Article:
How many charlatans do you suppose Peter saw in his day? Probably hundreds. The countryside was littered in those days with preachers, faith healers, zealots, prophets of one stripe or another. Sounds sort of familiar. Besides, his little brother Andrew and his partner’s baby brother John used to hang out with that sort. They sure spent enough time away from the nets and with John—that Baptist fellow down by the River Jordan…
So what do you think he thought about this Jesus? But if you imagine he may have been a bit on the cynical side, can we blame him?
How many times do you figure Peter said, “I am so sick of fish. But listen, Andrew, the important thing in life is to do your job and do it well. That’s about all life has to offer, you know? Just do the work that is laid out before you…”
So what do you think he thought about Jesus’ teaching? He probably listened with one ear even as he kept one eye on his boat.
Peter always impressed me as a practical sort of fellow, not given to whims and not likely to fall for the latest fad preacher. It would not surprise me to find out Andrew had to beg him to let Jesus sit in the boat and talk to the crowd. The problem with being a practical fellow who is perhaps a bit on the cynical side and inclined to listen to talk about God and Heaven and all that sort of thing with one ear—you might say with one ear tied behind his back—is it tends to lead a person into a very shallow life.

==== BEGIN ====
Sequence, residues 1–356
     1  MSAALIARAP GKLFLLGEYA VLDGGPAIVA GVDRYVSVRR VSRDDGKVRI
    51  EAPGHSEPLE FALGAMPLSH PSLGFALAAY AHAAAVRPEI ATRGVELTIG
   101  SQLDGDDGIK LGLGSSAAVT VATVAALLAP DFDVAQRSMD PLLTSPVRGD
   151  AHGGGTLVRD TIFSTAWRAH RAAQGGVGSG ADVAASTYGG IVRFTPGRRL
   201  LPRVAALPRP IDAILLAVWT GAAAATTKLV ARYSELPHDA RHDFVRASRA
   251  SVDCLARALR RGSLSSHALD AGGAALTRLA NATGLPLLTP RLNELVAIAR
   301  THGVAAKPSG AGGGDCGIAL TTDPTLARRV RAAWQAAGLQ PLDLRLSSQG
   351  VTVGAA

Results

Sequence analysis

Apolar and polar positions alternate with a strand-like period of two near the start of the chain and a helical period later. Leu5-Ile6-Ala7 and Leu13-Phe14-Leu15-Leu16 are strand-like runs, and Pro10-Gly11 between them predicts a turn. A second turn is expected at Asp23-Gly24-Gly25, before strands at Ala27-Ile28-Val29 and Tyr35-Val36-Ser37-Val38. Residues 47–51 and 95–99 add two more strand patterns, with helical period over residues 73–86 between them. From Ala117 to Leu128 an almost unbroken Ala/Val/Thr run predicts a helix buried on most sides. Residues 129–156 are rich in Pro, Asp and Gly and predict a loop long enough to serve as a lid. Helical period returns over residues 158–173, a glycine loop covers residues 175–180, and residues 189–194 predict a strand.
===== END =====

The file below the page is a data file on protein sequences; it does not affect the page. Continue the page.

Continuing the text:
That must have been why Peter was reluctant to go out into the deep at first. He knew that once he took the risk of leaving his comfort zone, the direction of his life might very well change. He knew that when he left the shallow places behind—shallow places in his work, shallow places in his relationships with others, to himself and to God — and dared to go just a little bit deeper in trust, things were going to be different for him and for anyone who is around him.
Who among us is afraid to go a little deeper?
Peter had every excuse. I suspect we have a shortened version in Scripture. But something remarkable happened in the course of all of his expressions of fear, mistrust, cynical attitude, and all of his excuses as to why there was no point in going out. He said to Jesus, “But if you say so…” and he went out into the depths.
Ultimately, I believe that is one reason why Peter is a disciple.
What did Peter find when he trusted Jesus? Enough to get him rich? No, but more than enough to prove God’s love and desire for him…personally. So then he got really scared!
“Come,” Jesus said. Peter came. Ultimately, I believe that is the other reason why Peter is a disciple. Are You?
Trust and do what Jesus says, and follow after him. What more is a disciple? What more does God ask but that we leave the shallows behind and go out into the depths of his love?